• Standers or standing aids — Standing aids
  • Telecommunication devices TDD or teletypewriters TTY for the physically challenged — Telecommunication devices TDD
  • Therapeutic pegboards or activity boards — Pegboards
  • Touch screen monitors — Interactive whiteboards; Wireless touch screen monitors
  • Voice synthesizers for the physically challenged — Voice output devices
  • Walkers or rollators — Walkers
  • Wheelchairs — Powered wheelchairs

Technology used in this occupation:

  • Computer based training software — Children's educational software; Scientific Learning Fast ForWord
  • Data base user interface and query software — American Sign Language Browser; Individualized Educational Program IEP software
  • Device drivers or system software — Screen magnification software; Screen reader software; Synapse outSPOKEN; The vOICe Learning Edition
  • Electronic mail software — Email software; Microsoft Outlook Hot technology
  • Graphics or photo imaging software — Drawing software
  • Internet browser software — Web browser software
  • Office suite software — Microsoft Office
  • Presentation software — Microsoft PowerPoint Hot technology
  • Spreadsheet software — Microsoft Excel Hot technology
  • Voice recognition software — goQ WordQ; Nuance Dragon NaturallySpeaking; Voice activated software
  • Word processing software — Microsoft Word

Hot technology Hot Technology — a technology requirement frequently included in employer job postings.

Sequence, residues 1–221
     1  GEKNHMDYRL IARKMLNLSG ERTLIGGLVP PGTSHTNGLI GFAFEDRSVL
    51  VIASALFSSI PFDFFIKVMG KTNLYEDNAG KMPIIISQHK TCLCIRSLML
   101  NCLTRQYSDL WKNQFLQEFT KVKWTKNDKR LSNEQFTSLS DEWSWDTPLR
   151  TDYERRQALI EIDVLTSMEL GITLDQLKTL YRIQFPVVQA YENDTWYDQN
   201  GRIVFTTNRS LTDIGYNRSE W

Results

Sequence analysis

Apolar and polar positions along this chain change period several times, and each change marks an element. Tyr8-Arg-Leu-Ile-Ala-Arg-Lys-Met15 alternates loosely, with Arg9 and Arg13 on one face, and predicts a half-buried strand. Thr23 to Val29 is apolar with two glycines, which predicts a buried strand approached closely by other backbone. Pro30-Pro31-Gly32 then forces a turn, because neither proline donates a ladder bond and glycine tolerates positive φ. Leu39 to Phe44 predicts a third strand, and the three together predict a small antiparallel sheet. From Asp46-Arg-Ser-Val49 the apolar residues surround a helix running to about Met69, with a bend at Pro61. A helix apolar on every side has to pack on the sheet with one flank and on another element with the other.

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Knowledge

  • Education and Training — Knowledge of principles and methods for curriculum and training design, teaching and instruction for individuals and groups, and the measurement of training effects.
  • English Language — Knowledge of the structure and content of the English language including the meaning and spelling of words, rules of composition, and grammar.
  • Psychology — Knowledge of human behavior and performance; individual differences in ability, personality, and interests; learning and motivation; psychological research methods; and the assessment and treatment of behavioral and affective disorders.
  • Clerical — Knowledge of administrative and clerical procedures and systems such as word processing, managing files and records, stenography and transcription, designing forms, and other office procedures and terminology.
  • Mathematics — Knowledge of arithmetic, algebra, geometry, calculus, statistics, and their applications.
  • Customer and Personal Service — Knowledge of principles and processes for providing customer and personal services. This includes customer needs assessment, meeting quality standards for services, and evaluation of customer satisfaction.
  • Public Safety and Security — Knowledge of relevant equipment, policies, procedures, and strategies to promote effective local, state, or national security operations for the protection of people, data, property, and institutions.
  • Administration and Management — Knowledge of business and management principles involved in strategic planning, resource allocation, human resources modeling, leadership technique, production methods, and coordination of people and resources.
  • Computers and Electronics — Knowledge of circuit boards, processors, chips, electronic equipment, and computer hardware and software, including applications and programming.
  • Therapy and Counseling — Knowledge of principles, methods, and procedures for diagnosis, treatment, and rehabilitation of physical and mental dysfunctions, and for career counseling and guidance.
  • Law and Government — Knowledge of laws, legal codes, court procedures, precedents, government regulations, executive orders, agency rules, and the democratic political process.
  • Sociology and Anthropology — Knowledge of group behavior and dynamics, societal trends and influences, human migrations, ethnicity, cultures and their history and origins.

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Skills

  • Instructing — Teaching others how to do something.
  • Social Perceptiveness — Being aware of others' reactions and understanding why they react as they do.